Around here we’re getting ready for a BIG deal: first first day of school! All the feels, guys. ALL the feels.
Eddie mostly feels nervous. From what I’ve read online that’s totally normal. From what I remember from my own young school years experiences, that’s totally normal. From what I know of his personality, that’s totally normal. I’d be worried if he wasn’t worried about it! New things always tend to make him hesitate. What can I say, he’s his mother’s son.
So we’ve been doing our best to help him through the nerves, mostly a lot of conversation. We talk about how everyone feels nervous, even the teacher probably feels a little nervous. We talk about how it’s perfectly okay to be nervous, and how that doesn’t mean he’s not brave. We talk about other times he’s been nervous to do something for the first time (meeting his little brother at the hospital, day camp this summer, going down the big water slide on vacation) and how once he did it, it actually turned out to be great!
Another great tip I found online to help with first day jitters: practice the routine ahead of time. This made perfect sense to me, maybe because it would help me be less nervous about the first day/week and learning a new morning routine. Working through some kinks when there’s little pressure sounded ideal. Also, less unknown for sure lessens nerves, speaking from experience.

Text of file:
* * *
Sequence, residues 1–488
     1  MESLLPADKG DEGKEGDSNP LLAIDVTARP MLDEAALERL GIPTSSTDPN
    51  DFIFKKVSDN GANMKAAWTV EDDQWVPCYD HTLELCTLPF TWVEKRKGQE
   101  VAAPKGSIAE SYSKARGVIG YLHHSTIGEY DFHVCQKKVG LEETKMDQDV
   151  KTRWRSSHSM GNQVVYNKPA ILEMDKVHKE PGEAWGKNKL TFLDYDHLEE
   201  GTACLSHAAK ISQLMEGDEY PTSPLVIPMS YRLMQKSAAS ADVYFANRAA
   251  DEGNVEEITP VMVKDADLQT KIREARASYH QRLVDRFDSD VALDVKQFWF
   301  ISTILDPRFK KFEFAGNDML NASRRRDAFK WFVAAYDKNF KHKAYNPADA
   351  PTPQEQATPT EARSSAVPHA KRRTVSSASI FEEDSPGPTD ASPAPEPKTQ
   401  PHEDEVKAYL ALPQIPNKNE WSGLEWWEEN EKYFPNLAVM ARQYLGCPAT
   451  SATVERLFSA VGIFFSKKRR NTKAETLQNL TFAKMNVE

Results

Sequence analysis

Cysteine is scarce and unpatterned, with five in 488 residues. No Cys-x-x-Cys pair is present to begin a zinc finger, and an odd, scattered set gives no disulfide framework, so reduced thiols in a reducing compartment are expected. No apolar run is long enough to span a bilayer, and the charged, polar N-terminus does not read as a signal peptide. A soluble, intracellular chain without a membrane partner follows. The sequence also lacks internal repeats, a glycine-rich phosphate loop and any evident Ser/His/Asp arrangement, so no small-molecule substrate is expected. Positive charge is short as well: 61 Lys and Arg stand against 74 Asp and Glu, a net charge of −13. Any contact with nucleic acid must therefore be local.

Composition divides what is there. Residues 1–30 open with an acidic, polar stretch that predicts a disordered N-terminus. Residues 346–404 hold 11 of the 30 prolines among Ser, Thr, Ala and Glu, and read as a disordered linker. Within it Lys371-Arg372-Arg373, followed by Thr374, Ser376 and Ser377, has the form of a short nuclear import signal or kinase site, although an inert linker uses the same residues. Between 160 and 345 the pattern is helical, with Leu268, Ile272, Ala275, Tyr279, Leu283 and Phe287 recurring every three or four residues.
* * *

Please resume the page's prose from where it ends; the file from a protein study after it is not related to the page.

So we practiced! Sunday evening I explained what we were doing. He set out his backpack and shoes by the front door and his lunchbox on the counter. The next morning he got dressed right after breakfast, brushed his teeth, put his lunchbox (empty, I didn’t take the run-through that far) in his backpack, and was urging me out the door a full 2 minutes early! (Don’t worry, I don’t expect such enthusiasm all school year!)
We walked the route to school and along the way I tried to help him run through some scenarios he might encounter and find stressful at school. Another tip I’d found online was role playing, so I thought we’d give it a try. I asked him what he would do if someone was mean to him. I asked what he would do if he missed me and felt sad. Honestly, he was more interested in the garbage truck making its way down the street than my questions, but we got through them.
All in all it was a great exercise! I feel more prepared, and I’m hoping it’ll be less of a jolt and feel more familiar when it comes time to go through those same motions every morning next week.
Last thing on my list is a few books to read for final preparation, and then, it’s go time! I love how this rite of passage is so universal, but also so unique to each family’s experience and child’s personality. Tell me your stories! Give me your advice!
Here we go!